1. Monsters, Inc (2001, U)
Especially good animation for younger children, from Pixar. When younger, my daughter preferred a furry Sully toy to a Disney princess on a visit to the Disney store. Go figure.
2. Wallace and Gromit – The Curse of the Were-Rabbit (2005, U)
I like Wallace and Gromit so much I actually bought the box set. The Were-Rabbit is charming, inventive and only mildly scary.
3. The Little Vampire (2000, U)
This was a surprise success when we borrowed it from the library. The problems a boy faces when moving to Scotland, his friendship with a young vampire, and the desperate search for an amulet. Richard E. Grant gives good vampire too.
4. Harry Potter and the Philosopher’s Stone (2001, PG)
Wizards, witches, spells and flying on broomsticks – what’s not to like for Hallowe’en? The early Harry Potter films are gentler than later ones, and more suitable for younger children. The Philosopher’s Stone features a fabulous Hallowe’en feast in the great hall too.
5. Addams Family (1991, PG)
When I grow up I want to be Morticia Adams. Brings the stylish to spooky, with incredibly black humour. My kids love Wednesday and Pugsley’s hideous games.
6. Addams Family Values (1993, PG)
I can’t resist the inspired Addams Family sequel either. Any child who has dealt with sibling rivalry will relate to this film. The Thanksgiving perfomance to parents during summer camp is a particular high point for anyone who has ever suffered through a school play. Worth protecting children of a nervous disposition from the electrocution scene (or maybe that’s just me).
7. Hotel Transylvania (2012, U)
OK this animation isn’t quite as witty as The Addams Family, but it’s a fairly gentle funny film that won’t terrify the younger generation. Parental over-protectiveness to the fore.
8. Casper (1995, PG)
One spooky house, one friendly ghost, Eric Idle hamming it up and Christina Ricci as the new kid in town who throws a fabulous party. My children are still searching for hidden doors in our house, and the chance a chair will surge down to the cellar.
9. Ghostbusters (1984, PG)
The original and best. Comedy ghosts, slime, destruction and a marshmallow giant for the children, and asides from a gloriously politically incorrect Bill Murray for the rest of us. Luckily Sigourney Weaver gives as good as she gets.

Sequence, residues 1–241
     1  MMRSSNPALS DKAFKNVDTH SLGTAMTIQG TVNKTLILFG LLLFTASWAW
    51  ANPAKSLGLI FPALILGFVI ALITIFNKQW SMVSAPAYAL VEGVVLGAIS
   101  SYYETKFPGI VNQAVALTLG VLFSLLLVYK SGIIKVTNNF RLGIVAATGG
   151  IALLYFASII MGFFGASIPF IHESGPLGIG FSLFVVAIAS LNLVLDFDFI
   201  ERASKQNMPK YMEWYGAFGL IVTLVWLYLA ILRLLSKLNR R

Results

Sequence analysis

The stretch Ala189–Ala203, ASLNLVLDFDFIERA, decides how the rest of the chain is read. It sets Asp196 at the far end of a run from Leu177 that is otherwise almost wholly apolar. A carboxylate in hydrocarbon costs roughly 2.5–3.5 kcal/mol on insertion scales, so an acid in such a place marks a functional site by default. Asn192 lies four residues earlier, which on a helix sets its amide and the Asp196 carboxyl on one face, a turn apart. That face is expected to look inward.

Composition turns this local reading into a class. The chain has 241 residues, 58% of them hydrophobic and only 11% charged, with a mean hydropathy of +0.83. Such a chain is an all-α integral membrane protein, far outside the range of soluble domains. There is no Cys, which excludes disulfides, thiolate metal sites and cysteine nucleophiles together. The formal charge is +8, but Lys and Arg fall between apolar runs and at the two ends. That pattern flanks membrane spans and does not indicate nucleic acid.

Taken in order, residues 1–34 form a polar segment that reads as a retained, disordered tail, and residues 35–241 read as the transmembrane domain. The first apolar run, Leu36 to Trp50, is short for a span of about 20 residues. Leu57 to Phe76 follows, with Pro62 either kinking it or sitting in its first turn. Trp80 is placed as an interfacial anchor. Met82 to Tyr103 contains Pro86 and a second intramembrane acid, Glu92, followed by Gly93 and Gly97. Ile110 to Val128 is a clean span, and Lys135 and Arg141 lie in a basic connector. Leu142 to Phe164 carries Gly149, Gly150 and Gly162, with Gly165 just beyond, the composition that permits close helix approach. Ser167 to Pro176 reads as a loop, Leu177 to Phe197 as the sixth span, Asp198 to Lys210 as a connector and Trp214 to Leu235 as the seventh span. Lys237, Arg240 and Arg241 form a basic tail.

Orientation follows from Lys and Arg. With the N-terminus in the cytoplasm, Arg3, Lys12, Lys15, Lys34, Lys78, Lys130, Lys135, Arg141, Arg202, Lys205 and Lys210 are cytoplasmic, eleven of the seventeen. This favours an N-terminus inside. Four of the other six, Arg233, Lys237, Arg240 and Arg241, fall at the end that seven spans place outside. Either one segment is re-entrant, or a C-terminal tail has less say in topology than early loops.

10. The Witches (1990, PG)
It’s a based on a Roald Dahl book and stars Angelica Houston, so it was always going to be good. Scary, funny and fabulous special effects when the witches turn errant children into mice. Watch out for the bit when Angelica Houston reveals herself to be a witch underneath though.
11. E.T. The Extra Terrestrial (1982, PG)
Spielberg’s unashamed tear jerker, which also provides the inspiration to learn to ride a bike and important historical relics like phones with cords. Remember the bit with E.T. toddling round under the sheet at Hallowe’en? No? Go back and watch it again.
12. ParaNorman (2012, PG)
OK so it’s about a boy who sees dead people and a zombie invasion, but this is another gem from Laika (Boxtrolls, Coraline). I’m not a great fan of preachy films, but ParaNorman does a good job of communicating it’s not great to be mean to people just because they’re different. Also: funny.
13. Frankenweenie (2012, PG)
Touching stop-motion animation of a boy, Victor, trying to bring his much-loved dog, Sparky, back to life. It’s a Tim Burton film, so it was always going to be odd, but the dynamics between the children are very believable. I was concerned by the bat / cat transformation scene, while my son was actually more worried by the children playing on a roof. Good one to start a conversation about death and loss.
Now – over to you. What are your favourite family-friendly Hallowe’en films? What are the shocking absences from my top 13? Do share your recommendations in the comments, I’d love to hear!
*indicates an affiliate link, so anything you buy through it will help support the blog, as I will get a small commission at no cost to you. Many thanks!
Pin for later: